Older children and adults sometimes develop Attention Deficit Hyperactivity DIsorder. The average ADHD diagnosis age is seven. In some cases, this condition could be genetic. More commonly, environmental factors, like lead poisoning or mothers who smoked during pregnancy, cause ADHD. This condition could be disabling, as outlined below. However, often effective medication can be available. A quick word about some practical effects of childhood ADHD and Social Security Disability benefits. School nurses and other such professionals may “diagnose” children like Bobby Hill with ADHD based on questionable evidence. Given the loose SSA disability definition, as outlined below, these children might qualify for benefits. However, careful consideration of a stigma factor and other future social and educational limitations should be thoughtfully weighed out by parents/caregivers and their child’s medical professionals.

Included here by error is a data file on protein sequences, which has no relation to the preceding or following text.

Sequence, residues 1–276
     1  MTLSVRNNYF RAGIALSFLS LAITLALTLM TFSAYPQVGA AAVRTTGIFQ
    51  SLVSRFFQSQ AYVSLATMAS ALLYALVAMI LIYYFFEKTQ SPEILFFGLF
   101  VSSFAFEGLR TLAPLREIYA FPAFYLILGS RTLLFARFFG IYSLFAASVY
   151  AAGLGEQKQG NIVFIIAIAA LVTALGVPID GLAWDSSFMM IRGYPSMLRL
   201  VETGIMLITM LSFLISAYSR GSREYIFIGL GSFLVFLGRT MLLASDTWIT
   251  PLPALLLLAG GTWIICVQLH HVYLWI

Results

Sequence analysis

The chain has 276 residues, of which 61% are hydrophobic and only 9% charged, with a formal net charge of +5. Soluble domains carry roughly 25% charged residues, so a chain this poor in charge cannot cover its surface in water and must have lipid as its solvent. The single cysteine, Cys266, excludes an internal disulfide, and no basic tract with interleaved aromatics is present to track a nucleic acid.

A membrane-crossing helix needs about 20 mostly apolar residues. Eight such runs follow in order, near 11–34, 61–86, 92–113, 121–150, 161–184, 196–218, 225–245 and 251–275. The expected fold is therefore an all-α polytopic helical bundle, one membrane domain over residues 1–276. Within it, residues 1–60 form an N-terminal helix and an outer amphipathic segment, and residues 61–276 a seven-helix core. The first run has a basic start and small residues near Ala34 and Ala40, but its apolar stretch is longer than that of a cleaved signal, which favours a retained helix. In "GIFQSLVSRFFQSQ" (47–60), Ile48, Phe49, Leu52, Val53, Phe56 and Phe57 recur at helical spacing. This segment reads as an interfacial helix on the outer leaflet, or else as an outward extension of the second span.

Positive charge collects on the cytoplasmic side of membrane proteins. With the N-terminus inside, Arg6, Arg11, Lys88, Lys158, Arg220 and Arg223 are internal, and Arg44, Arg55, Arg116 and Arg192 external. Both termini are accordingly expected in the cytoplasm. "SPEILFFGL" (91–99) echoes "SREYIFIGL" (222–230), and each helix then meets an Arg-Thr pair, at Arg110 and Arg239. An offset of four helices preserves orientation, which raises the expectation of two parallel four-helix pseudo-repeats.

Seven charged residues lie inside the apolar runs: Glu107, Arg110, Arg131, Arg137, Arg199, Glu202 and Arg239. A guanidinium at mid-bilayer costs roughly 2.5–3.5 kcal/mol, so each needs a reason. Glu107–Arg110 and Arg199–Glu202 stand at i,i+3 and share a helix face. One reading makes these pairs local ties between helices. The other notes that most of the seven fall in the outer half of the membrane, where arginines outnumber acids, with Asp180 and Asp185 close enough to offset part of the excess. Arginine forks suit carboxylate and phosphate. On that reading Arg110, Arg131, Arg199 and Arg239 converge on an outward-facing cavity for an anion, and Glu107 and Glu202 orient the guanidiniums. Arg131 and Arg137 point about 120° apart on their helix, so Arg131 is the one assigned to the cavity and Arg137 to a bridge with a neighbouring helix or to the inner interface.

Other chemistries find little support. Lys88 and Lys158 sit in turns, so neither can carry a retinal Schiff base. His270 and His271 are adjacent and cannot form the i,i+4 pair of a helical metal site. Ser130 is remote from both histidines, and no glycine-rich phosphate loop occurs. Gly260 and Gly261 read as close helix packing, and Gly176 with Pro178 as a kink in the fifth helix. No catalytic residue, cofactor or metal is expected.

Obtaining Benefits

The traditional “disability” definition, which is basically an inability to work because of a severe physical, emotional, mental, or other disability, obviously does not apply to children. Generally, children are disabled, as far as the SSA is concerned, if they:

  • Are substantially behind their peers in terms of problem-solving, learning ability, and/or other intellectual functions, and
  • Have issues regarding life skills, social skills, and other adaptive behaviors.